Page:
It is a first object of the present invention to provide a method and an apparatus for monitoring portable volatile organic compound emissions using an image of the equipment at the site and to label and record on the image all the spots where an emission reading should be taken. The step of reading a barcode or ID tag physically placed on the equipment is then eliminated.
It is another object of the invention to provide a system and method for creating a database of inspection points referenced with respect to images, such that the database can be reviewed and created without being on site where the equipment is located.
It is another object of the invention to provide a system and method which allows for the selection, creation and planning of an “inspection route” of inspection points.
It is a further object of the invention to provide a system and method for creating a database of inspection points organized by hierarchical classes representing physical or geographic location.
It is another object of the invention to provide a system and method for collecting site inspection data in which a portable screen image of the object being inspected is provided and in which inspection point guidance and inspection data collection is integrated into a single device, whereby the process of inspection is more reliable and fast.
According to the present invention, there is provided a method of collecting site inspection data comprising:
obtaining an image of an inspection site;
providing visual markers on the inspection site image identifying a plurality of inspection points for the inspection site;
providing identification data for the inspection points;
using the inspection site image at the inspection site as a reference to locate the inspection points; and
recording fugitive emission data from the inspection points in association with the point identification data.
Preferably, the inspection site image is reproduced on a sheet, and the sheet can be used at the inspection site. The identification data may also be printed on the sheet.
Preferably, the identification data printed on the sheet comprises a bar code for each of the inspection points, the step of recording comprises scanning a selected one of the bar codes associated with one of the inspection points being inspected to provide electronic entry of identification data to be associated with the one of the points into a data logger.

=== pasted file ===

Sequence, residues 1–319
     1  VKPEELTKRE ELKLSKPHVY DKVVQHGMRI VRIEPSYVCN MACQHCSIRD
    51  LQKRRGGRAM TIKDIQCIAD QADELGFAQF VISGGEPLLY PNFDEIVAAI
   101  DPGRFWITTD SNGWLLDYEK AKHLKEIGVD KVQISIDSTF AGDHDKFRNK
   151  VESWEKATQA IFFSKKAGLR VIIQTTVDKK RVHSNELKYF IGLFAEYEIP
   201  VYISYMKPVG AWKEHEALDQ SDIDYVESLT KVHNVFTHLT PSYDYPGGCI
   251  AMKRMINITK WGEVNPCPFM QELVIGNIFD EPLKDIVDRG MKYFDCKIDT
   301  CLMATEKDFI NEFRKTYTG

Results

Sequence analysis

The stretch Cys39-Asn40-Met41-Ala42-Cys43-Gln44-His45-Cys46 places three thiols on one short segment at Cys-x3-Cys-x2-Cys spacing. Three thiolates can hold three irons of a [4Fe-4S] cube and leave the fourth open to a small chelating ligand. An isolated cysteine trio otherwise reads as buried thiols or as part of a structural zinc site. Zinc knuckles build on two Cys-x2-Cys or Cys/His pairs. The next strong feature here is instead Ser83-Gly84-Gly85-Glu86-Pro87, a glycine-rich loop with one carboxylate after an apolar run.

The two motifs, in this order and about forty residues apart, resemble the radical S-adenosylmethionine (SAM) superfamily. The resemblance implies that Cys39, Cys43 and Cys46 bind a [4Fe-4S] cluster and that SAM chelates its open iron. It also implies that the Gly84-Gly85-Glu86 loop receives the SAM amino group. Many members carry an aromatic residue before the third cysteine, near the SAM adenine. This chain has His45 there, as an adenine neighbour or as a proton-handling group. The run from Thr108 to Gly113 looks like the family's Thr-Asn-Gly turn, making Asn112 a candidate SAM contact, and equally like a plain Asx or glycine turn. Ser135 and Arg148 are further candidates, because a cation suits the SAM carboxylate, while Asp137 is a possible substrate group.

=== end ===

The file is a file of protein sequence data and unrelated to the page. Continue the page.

Preferably, a plurality of inspection site images are obtained, the inspection site covers a plurality inspection site locations, and the identification data comprises point classification data for sorting the inspection points by geographical or physical area identified at least by group. The inspection points are also associated with a single group representing a series of inspection points from equipment at a single site location.
Also preferably, the point classification data comprises a project, area, sub-area, and group identification data field, wherein a project contains one or more areas, an area contains one or more sub-areas, a sub-area contains one or more groups.
The invention also provides a step of selecting an “inspection route” subset of the inspection points according to the identification data including the point classification data, wherein the subset of the inspection points are located and fugitive emission data only for the subset of the inspection points.
Preferably, the inspection site image is a digital image, and the providing of visual markers and the providing of identification data for the inspection points comprise using a graphical user interface computer tool to position screen objects representing the visual markers on the digital image and to enter the identification data as properties of the screen objects.
According to a further preferred variant of the invention, the inspection site image is a screen display image provided by a display source driven by an inspection control computer and viewable by a user at the inspection site. The step of using the image at the inspection site may then comprise altering the screen display image to indicate which one of the plurality of the inspection points is to be inspected, and the recording of fugitive emission data may comprise automatically associating in the inspection control computer the identification data for the indicated one of the inspection points with fugitive emission data.